Quarter of small businesses have employed casual workers

18th May 2017

More than a quarter of small and medium-sized businesses (SME) in the UK have hired at least one short-term casual worker in the last year.

These findings have come from the latest Zurich SME Risk Index, just ahead of the deadline for evidence to be submitted for the Taylor Review - a regional tour to assess and consider the implications of new forms of work on worker rights and responsibilities. It will also take into account employer freedoms and obligations.

The self-employed now make up 15% of the UK’s labour market. In addition to this, there has been a rise in the number of people doing ‘gig economy’ work. Defined as short-term, casual work that is increasingly sought by people as and when they want to work, roles can include driving, delivering items and DIY tasks.

10% of businesses reported that gig economy workers make up 90% or more of their workforce, while 41% said they form at least a quarter of their staff. Many of the employers of gig economy workers stressed the need for and importance of flexible working hours, with 70% saying that this type of employee played a vital role in their company’s profitability.

The survey demonstrated that although SME employers are aware of the risks for workers, with 52% agreeing that the work lacks security, 58% thought the gig economy provided flexibility for workers. Considering the gig economy’s working practices from an employee’s perspective, 34% said it provided new opportunities and 28% believe it to be time efficient.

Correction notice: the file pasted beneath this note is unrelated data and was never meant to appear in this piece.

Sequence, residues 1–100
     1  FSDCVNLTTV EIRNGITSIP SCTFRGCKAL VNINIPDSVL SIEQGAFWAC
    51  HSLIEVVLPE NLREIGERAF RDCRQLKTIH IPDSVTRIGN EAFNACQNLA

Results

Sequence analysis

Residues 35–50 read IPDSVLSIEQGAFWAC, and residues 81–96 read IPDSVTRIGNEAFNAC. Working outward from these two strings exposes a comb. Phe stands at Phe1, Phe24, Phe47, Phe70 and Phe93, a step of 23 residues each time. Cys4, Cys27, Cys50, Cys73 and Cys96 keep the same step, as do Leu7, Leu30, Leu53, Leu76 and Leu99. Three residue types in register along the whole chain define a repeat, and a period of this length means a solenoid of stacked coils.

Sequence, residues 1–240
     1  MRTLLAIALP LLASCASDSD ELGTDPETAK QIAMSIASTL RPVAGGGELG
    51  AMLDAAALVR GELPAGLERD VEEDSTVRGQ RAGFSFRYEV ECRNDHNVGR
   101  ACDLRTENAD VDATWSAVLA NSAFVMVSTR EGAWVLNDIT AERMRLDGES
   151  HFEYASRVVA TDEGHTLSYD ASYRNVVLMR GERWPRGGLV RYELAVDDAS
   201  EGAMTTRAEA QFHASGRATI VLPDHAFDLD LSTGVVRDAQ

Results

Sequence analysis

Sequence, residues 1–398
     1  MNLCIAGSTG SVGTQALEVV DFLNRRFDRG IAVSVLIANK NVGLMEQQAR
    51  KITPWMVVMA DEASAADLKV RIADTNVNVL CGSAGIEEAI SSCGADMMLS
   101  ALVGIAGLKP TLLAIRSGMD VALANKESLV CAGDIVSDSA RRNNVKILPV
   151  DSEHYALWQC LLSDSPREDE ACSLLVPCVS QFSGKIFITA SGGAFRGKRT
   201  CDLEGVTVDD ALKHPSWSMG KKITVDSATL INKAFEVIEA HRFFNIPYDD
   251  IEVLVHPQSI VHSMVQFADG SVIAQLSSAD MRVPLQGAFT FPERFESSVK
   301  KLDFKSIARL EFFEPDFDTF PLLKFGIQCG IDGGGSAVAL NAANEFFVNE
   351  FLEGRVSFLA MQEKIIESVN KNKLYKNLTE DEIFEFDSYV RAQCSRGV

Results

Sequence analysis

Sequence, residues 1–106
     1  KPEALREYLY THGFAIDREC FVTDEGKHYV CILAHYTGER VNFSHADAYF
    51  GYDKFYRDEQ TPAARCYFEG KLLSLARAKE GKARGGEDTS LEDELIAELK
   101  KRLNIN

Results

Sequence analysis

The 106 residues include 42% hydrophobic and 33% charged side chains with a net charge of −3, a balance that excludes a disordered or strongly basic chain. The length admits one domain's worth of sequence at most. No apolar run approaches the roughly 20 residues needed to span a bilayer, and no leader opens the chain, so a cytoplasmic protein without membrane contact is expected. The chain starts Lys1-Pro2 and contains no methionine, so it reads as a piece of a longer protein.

A previous survey by website Glassdoor revealed that the most significant draw of the gig economy is flexibility, with 35% of respondents saying that this would be the biggest incentive for them to work freelance or on a very short contract. 11% said that the greatest perk was the better work-life balance, 10% said that it was the fact that you could be your own boss.

Exploring the risks that gig economy work might include, only 27% agreed it could be exploitative and 20% that it can be unfair to workers.

Paul Tombs, head of SME proposition at Zurich, commented: “With so many UK SMEs employing gig economy workers, it would be a mistake to characterise the entire gig economy as an exploitative tool that only benefits employers.

“Self-employment is on the rise and demonstrates an increasing demand for flexible work which is beginning to shape the way that businesses think about workforce management.”

Alongside the potential dangers of unethical working conditions for gig economy workers, businesses themselves can experience some negative factors. 40% of those surveyed were concerned that the gig economy could create a less dedicated workforce, while 30% acknowledged that it can also generate a less driven one.

“While politicians and the media voice concerns that gig economy work is about maximising profits and manipulating staff when we speak to business owners, it is clear that the majority associate it with flexibility and opportunity,” added Tombs.

This view appears to be reflected in Zurich’s statistics; 57% stated the work was flexible for business, with 38% believing it encouraged better management of workforce capacity.

He concluded: “If the gig economy has sprung up as an imperfect solution to the increasing demand for flexible work, then a review of the system should focus on reforms that maximise the benefits for all parties rather than descending into a blame game.”

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